When I was a kid, I used to hate making my bed. To me, it just didn’t make any sense. Why am I making my bed when I’m just going to mess it up again? Is someone coming over? If not, why bother?
But, despite my protests, I had to make my bed every day. My mom required it. I’m sure she had her reasons, and she may have even told me what they were. But, the only one I remember is, “Because I said so” – and that made me resist even more.
Do as I Say
As an adult, I’ve tried to avoid using “Because I said so” as a reason for anything. I thought I was doing a good job of that, too. But, recently, a friend brought me to a surprising revelation: I use that argument in my work all the time.
“You are obligated by your Baptism to proclaim the gospel” – ever heard that one before? I say it on a regular basis, and the Church does, too! For example, from the Code of Canon Law:
“Since the whole Church is by its nature missionary and the work of evangelization must be held as a fundamental duty of the people of God, all the Christian faithful, conscious of their responsibility, are to assume their part in missionary work.” (Can. 781)
That sounds a lot like “Because I said so,” doesn’t it?
It’s not that Canon Law is wrong. It’s important to acknowledge our Christian obligations. The problem arises when we only talk about evangelization as a fundamental duty, without mentioning the good to be obtained. There are in fact many goods to be had when we evangelize, both for the evangelizer and the one being evangelized.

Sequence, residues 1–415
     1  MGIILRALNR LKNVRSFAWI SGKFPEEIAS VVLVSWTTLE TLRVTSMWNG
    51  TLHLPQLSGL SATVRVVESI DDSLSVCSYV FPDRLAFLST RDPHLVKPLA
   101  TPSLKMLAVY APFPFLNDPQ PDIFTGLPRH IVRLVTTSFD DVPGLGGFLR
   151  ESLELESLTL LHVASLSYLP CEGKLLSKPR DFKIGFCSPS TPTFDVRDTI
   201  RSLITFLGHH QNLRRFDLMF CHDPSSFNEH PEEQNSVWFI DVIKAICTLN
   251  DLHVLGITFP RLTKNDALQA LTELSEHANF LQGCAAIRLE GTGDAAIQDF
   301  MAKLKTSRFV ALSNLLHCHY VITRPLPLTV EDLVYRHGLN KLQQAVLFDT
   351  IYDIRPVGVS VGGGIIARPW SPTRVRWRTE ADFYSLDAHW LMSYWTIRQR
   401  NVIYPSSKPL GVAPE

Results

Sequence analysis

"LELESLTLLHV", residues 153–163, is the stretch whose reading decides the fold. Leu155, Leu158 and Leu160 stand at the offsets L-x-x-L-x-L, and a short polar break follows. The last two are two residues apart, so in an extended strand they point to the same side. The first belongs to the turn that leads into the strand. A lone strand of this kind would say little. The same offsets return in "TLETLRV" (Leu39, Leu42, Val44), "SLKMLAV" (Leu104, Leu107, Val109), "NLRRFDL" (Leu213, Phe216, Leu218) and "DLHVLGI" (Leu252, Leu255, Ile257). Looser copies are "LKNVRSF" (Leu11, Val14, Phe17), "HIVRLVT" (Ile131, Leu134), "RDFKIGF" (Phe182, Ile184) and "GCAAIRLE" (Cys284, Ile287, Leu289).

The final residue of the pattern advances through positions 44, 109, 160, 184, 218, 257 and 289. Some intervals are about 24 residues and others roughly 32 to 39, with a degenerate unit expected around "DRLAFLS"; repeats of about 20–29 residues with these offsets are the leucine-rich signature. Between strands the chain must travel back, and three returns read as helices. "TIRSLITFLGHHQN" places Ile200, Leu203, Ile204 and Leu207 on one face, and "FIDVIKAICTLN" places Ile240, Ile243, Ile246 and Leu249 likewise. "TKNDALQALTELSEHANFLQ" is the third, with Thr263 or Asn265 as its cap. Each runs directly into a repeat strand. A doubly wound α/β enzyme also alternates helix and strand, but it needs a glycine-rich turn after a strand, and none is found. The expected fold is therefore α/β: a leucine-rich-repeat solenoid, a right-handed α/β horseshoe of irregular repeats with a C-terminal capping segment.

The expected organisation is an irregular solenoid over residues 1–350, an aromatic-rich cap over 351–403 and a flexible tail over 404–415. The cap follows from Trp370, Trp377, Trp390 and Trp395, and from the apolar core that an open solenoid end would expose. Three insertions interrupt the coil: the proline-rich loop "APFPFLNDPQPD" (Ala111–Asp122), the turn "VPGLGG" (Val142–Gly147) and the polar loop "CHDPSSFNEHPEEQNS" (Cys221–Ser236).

What’s in It for Them
The stranger receives many goods when he hears and receives the gospel: the remission of sins; the hope of resurrection and eternal life; a changed life devoted to the good and the salvation of others. All of these benefits are promised by Jesus to anyone who professes and lives by faith.
There are also more natural and human needs that are met by evangelization. When someone receives the gospel, he receives friendship, community, and membership in a family. He receives peace, joy, and the reason for living. He receives Love Itself.
These are all tremendous goods, and loving your neighbor means striving to give them to him.
What’s in It for Me
When you evangelize, you step into your authentic identity.
We tend to think of missionary discipleship as something you work up to. You start as a seeker or a lukewarm Christian. Then you commit your life to Jesus. Then you become a missionary disciple, someone who is bringing others into that same committed life. But, in Evangelii Gaudium, Pope Francis makes a startling statement: we are, all of us, already missionary disciples.
“In virtue of their baptism, all the members of the People of God have become missionary disciples (cf. Mt 28:19). All the baptized, whatever their position in the Church or their level of instruction in the faith, are agents of evangelization …” (no. 120).
Isn’t that amazing!
According to another Francis, St. Francis de Sales, the key to holiness is to be who you are, and be that well. This is what evangelization does for the evangelizer. The discipleship path is not about becoming something you aren’t already. It’s about leaning into a present reality. It’s about being who you are, and being that well.
Of course, there’s also much more at stake. Evangelizing strengthens your faith. It grants you the assurance that you are following God’s will. It brings more hope, love, and joy to your life, since these are only increased as they are given away.
Come to think of it, evangelization is as rewarding as a perfectly-made bed at the end of the day. Perhaps my mom was on to something, after all.